Canada Travel Basics
1. Accessibility for people with disabilities
2. Canadian Currency
4. Emergency and Medical Services
5. GST Rebates
7. Basic words and phrases
8. Liquor Laws
9. Time Zones
13. Weights and Measures
14. Driver's License
Accessibility for people with disabilities
Accessibility for people with restricted physical ability
Establishments have been assessed accessible according to criteria set by Kéroul and approved by Tourisme Québec. For people with restricted physical ability, Kéroul provides information on tourism and culture.
Kéroul 4545 Pierre-De Coubertin Avenue
P. O. Box 1000, Station M
Montréal, Québec H1V 3R2
Tel.: (514) 252-3104
Fax: (514) 254-0766
General Manager: André Leclerc
Total Access: The handicapped person can enter and move around the establishment without assistance.
Partial Access: The handicapped person requires assistance to enter and move around the establishment.
Canadian currency is the dollar, which is divided into 100 cents. There are 5, 10, 20, 50, 100, and 1000 dollar bills. One and two dollar bills have been replaced by coins, sometimes referred to as "Loonies" (the bird on the $1 is a loon) and "Twonies" ($2). Smaller coins are 1, 5, 10, and 25 cent pieces.
It's easy to exchange foreign currency in Montréal. You can cash traveller's cheques at banks and exchange offices (Bureau de change in French) which are common in the areas you'll be visiting. Banking and credit cards are also welcome almost everywhere so you can withdraw with your bank card, use major credit cards, or even pay directly at stores, restaurants, etc. with "Interact" service - just look for the yellow sign. Many businesses will also accept US dollars and traveller's cheques, but it's always a good idea to carry Canadian money with you.
Electrical outlets in Canada provide the same current as in the United States - 110 volts (60 cycles). If you are traveling from Europe or elsewhere, you will need an adapter to use your small appliances, if they are designed for a different standard.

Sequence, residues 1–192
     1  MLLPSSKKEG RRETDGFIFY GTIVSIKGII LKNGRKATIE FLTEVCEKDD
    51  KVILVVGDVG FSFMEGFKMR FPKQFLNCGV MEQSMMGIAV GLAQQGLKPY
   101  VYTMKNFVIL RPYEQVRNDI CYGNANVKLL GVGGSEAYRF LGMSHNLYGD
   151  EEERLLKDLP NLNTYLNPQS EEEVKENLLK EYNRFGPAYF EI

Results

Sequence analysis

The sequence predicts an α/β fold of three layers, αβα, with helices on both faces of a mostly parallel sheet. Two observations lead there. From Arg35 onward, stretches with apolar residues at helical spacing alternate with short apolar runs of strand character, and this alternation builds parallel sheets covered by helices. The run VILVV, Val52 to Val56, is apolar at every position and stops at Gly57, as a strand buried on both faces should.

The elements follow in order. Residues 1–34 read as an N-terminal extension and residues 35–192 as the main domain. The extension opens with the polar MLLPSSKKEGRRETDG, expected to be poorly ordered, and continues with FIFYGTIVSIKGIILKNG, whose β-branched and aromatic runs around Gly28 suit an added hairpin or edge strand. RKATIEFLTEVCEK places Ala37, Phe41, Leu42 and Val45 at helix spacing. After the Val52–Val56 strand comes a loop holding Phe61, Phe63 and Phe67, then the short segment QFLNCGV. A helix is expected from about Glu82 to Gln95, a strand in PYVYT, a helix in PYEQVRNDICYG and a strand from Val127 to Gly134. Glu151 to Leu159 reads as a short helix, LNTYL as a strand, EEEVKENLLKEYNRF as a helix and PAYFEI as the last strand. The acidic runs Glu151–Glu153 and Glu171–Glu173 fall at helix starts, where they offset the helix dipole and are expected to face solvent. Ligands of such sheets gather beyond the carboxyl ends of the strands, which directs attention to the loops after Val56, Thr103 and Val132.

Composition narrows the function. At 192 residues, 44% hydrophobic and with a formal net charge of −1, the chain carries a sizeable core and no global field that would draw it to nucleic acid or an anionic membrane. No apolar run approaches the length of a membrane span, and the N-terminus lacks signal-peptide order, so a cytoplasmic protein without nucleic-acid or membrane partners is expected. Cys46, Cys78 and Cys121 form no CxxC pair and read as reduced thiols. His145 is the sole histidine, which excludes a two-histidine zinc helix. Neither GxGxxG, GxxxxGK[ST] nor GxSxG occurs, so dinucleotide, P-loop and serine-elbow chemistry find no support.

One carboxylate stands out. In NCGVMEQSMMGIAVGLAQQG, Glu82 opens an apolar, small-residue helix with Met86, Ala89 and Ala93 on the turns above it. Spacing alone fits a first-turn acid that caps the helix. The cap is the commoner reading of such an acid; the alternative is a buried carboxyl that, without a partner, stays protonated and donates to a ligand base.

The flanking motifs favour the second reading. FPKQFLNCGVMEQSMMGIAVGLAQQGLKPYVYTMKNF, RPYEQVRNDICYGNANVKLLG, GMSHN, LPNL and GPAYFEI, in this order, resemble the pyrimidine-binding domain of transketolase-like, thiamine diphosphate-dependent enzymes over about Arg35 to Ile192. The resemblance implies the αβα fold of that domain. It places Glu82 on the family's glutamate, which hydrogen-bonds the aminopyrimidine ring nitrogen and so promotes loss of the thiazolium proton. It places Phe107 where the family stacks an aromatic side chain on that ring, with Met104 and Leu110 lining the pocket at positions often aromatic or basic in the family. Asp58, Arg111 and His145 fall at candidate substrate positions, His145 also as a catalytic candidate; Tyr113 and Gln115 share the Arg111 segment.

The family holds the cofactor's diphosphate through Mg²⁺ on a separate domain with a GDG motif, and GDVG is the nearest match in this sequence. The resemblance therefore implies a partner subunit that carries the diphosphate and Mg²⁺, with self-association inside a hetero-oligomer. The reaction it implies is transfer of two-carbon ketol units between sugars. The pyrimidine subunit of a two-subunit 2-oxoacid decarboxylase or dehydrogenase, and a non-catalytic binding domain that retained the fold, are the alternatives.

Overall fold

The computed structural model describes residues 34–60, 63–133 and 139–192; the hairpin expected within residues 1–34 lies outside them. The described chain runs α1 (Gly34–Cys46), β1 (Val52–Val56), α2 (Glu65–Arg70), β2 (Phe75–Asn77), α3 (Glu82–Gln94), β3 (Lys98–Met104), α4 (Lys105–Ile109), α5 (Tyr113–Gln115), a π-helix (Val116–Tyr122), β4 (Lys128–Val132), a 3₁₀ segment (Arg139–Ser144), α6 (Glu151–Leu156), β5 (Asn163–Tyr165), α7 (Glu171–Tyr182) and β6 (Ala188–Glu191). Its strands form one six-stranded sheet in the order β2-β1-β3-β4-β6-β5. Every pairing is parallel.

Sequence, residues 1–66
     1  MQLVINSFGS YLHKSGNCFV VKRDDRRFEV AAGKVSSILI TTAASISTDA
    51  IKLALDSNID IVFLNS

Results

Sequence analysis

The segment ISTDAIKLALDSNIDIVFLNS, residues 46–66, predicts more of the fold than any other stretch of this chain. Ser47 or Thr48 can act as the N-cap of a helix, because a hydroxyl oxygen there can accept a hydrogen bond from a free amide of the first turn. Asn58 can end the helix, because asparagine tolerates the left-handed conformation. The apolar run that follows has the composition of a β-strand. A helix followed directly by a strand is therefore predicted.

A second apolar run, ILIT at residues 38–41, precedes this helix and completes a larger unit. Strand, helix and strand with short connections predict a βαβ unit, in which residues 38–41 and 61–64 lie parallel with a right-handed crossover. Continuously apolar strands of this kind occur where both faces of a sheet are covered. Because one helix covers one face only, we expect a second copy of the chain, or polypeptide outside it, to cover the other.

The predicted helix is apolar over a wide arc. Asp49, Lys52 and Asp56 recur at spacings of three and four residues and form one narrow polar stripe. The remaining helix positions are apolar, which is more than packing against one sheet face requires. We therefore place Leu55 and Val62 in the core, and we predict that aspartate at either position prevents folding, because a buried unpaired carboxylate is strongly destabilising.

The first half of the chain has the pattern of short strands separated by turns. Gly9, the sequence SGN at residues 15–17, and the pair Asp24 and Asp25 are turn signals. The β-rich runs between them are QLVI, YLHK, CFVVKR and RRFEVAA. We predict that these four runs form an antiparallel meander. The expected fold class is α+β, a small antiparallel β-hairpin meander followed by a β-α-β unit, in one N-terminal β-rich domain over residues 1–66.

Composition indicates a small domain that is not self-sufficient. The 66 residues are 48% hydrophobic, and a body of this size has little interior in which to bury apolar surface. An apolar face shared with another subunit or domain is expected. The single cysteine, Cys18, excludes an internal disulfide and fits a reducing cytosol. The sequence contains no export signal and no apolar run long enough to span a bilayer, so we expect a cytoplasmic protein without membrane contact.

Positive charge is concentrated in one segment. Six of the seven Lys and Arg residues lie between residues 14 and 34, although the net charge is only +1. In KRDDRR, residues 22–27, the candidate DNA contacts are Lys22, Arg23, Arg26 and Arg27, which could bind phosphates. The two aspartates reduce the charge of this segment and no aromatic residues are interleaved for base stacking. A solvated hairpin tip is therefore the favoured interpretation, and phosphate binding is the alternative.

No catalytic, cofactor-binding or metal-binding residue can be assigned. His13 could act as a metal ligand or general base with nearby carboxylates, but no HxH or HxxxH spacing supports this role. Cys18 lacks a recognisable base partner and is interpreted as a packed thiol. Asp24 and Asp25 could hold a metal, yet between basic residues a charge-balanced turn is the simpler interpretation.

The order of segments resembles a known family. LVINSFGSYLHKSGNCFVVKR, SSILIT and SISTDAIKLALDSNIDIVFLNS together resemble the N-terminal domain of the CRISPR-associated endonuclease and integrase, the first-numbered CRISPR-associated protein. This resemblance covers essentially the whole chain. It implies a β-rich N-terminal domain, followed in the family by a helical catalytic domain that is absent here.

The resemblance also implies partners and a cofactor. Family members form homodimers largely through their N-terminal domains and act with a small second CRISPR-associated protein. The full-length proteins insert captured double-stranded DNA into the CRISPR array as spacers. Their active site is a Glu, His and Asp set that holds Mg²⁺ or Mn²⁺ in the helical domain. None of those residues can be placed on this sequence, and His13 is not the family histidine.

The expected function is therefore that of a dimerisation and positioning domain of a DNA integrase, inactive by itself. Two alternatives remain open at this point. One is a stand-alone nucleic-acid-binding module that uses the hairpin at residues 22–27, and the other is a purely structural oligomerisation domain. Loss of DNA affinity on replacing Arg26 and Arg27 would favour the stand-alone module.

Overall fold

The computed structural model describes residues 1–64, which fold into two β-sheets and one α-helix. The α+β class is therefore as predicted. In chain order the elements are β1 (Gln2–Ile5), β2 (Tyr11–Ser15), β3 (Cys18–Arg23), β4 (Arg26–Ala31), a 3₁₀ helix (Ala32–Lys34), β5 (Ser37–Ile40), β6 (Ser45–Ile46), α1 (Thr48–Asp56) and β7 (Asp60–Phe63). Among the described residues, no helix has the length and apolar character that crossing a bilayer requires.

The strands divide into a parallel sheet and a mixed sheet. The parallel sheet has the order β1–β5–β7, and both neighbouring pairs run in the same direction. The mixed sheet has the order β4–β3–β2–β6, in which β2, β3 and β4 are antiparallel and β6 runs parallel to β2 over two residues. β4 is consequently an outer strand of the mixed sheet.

Emergency and Medical Services
In case of an emergency, dial 9-1-1 to reach operators connected to the fire station, police station, and ambulances. If an accident or sudden illness should occur, there are eight major hospitals in or near the Montréal downtown area, some of them affiliated with leading Montréal universities. For less serious illness, you can see a doctor at a community health centre called a CLSC. These are smaller clinics, and there is one in every neighbourhood. It is always wise to buy medical travel insurance in advance.
In case of emergency: 9-1-1
Québec Poison Control Centre: 1 800 463-5060
Not only do your meeting dollars stretch farther here, but Canada offers one of the world's most generous tax rebate programs for non-resident visitors. A general sales tax, the Goods and Services Tax (GST), applies to most purchases. However, it is refundable (along with the provincial sales tax in some provinces) on almost all convention-related expenses, including a 50% rebate on food and beverage charges. Your delegates can also recoup taxes paid on their purchases.
See Canada Customs for details.
English is spoken everywhere in Montréal, but if you would like to learn a few words in French please click this link.